North Korea confirms it successfully test-fired new submarine-launched ballistic missile
October 2, 2019
SEOUL, South Korea — North Korea confirmed Thursday that it successfully test-fired a new submarine-launched ballistic missile days before the communist state is due to start nuclear talks with the United States.
The Pukguksong-3 missile was launched “in vertical mode” on Wednesday from the water near the eastern city of Wonsan, the state-run Korean Central News Agency reported.
“The test-firing scientifically and technically confirmed the key tactical and technical indexes of the newly designed ballistic missile and had no adverse impact on the security of neighboring countries,” KCNA said.
It didn’t provide more details, but South Korean officials said the missile flew 280 miles and reached an altitude of 565 miles before crashing into the sea off the eastern coast.
Experts said it was likely fired from an underwater barge and not an actual submarine.
David Wright of the Union of Concerned Scientists noted that the missile had been launched at an angle, which curbed the distance it traveled.
“If flown on a standard trajectory with the same payload, that missile would have a maximum range of about 1,900 km (1,200 miles),” he said in a blog post. “This would classify that missile as medium range.”
The launch threatened to raise tensions as Washington and Pyongyang planned to resume talks over the North’s nuclear weapons program this weekend. No location has been announced.
President Donald Trump has dismissed past launches as routine because they involved short-range missiles. He had no immediate comment on Wednesday’s test, which was the first underwater launch in three years.
The State Department called on the North “to refrain from provocations, abide by their obligations under U.N. Security Council resolutions, and remain engaged in substantive and sustained negotiations to do their part to ensure peace and stability on the Korean Peninsula and achieve denuclearization.”
North Korean leader Kim Jong Un apparently didn’t attend the launch as he has done in the past, but he sent “warm congratulations” to the national defense scientific research units who conducted it, KCNA reported.
The news agency said the launch was “of great significance as it ushered in a new phase in containing the outside forces’ threat to [North Korea]” and further bolstered its “military muscle for self-defense.”
Experts say the communist state is likely trying to project strength ahead of new negotiations to wring concessions from Washington. The weapons tests also show that the North has continued to develop its weapons programs as talks have stalled.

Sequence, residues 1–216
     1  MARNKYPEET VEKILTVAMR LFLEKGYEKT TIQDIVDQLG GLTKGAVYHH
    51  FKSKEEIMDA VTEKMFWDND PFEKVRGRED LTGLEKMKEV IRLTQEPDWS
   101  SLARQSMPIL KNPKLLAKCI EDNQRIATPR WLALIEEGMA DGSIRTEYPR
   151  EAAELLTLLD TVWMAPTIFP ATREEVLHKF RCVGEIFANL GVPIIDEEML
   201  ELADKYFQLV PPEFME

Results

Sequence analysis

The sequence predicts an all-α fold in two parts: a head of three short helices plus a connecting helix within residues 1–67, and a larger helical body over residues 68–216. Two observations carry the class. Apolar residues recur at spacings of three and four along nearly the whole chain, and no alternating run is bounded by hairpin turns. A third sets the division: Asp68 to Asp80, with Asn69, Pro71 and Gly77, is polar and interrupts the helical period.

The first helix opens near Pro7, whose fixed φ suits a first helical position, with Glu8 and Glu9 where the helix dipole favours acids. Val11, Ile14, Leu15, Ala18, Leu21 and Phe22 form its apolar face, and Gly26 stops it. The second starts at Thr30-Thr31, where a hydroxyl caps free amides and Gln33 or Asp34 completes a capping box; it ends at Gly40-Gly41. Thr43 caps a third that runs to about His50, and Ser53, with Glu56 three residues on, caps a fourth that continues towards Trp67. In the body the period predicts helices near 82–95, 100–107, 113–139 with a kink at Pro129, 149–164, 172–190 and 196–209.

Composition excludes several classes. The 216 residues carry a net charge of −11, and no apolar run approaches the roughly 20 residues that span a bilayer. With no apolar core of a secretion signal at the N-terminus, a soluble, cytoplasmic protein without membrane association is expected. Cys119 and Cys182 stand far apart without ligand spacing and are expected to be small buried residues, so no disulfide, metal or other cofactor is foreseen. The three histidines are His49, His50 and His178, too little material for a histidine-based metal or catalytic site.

North Korea’s nuclear submarine program is considered especially threatening because submersible weapons are harder to detect in advance and have a broader range.
“If the launch is successful, we could say that North Korea has developed a missile that could threaten the United States,” said Moon Keun Sik of the Korea Defense and Security Forum. “Pyongyang is trying turn the tables in its favor before the bargaining begins with the U.S.”
Previous talks broke down after Trump and Kim failed to reach agreement during their second summit in February in Vietnam.
The two sides deadlocked over the North’s demands for extensive sanctions relief in exchange for steps toward denuclearization, primarily an offer to shut down its main nuclear facility at Yongbyon.
The Trump administration insisted it will maintain economic pressure until full denuclearization is achieved. The North called on the United States to offer a new approach by the end of the year.
The two leaders, who insist they maintain a great friendship, agreed to resume working-level talks during an impromptu meeting on June 30 on the Korean border.
Senior North Korean diplomat Choe Son Hui said Tuesday that delegates from her country “are ready” to begin working-level negotiations.
The two countries agreed to have preliminary contact on Friday and to hold working-level talks on Saturday, she said.
“It is my expectation that the working-level negotiations would accelerate the positive development of DPRK-U.S. relations,” she added, using the initials for the North’s official name the Democratic People’s Republic of Korea.
Stars and Stripes reporter Yoo Kyong Chang contributed to this report.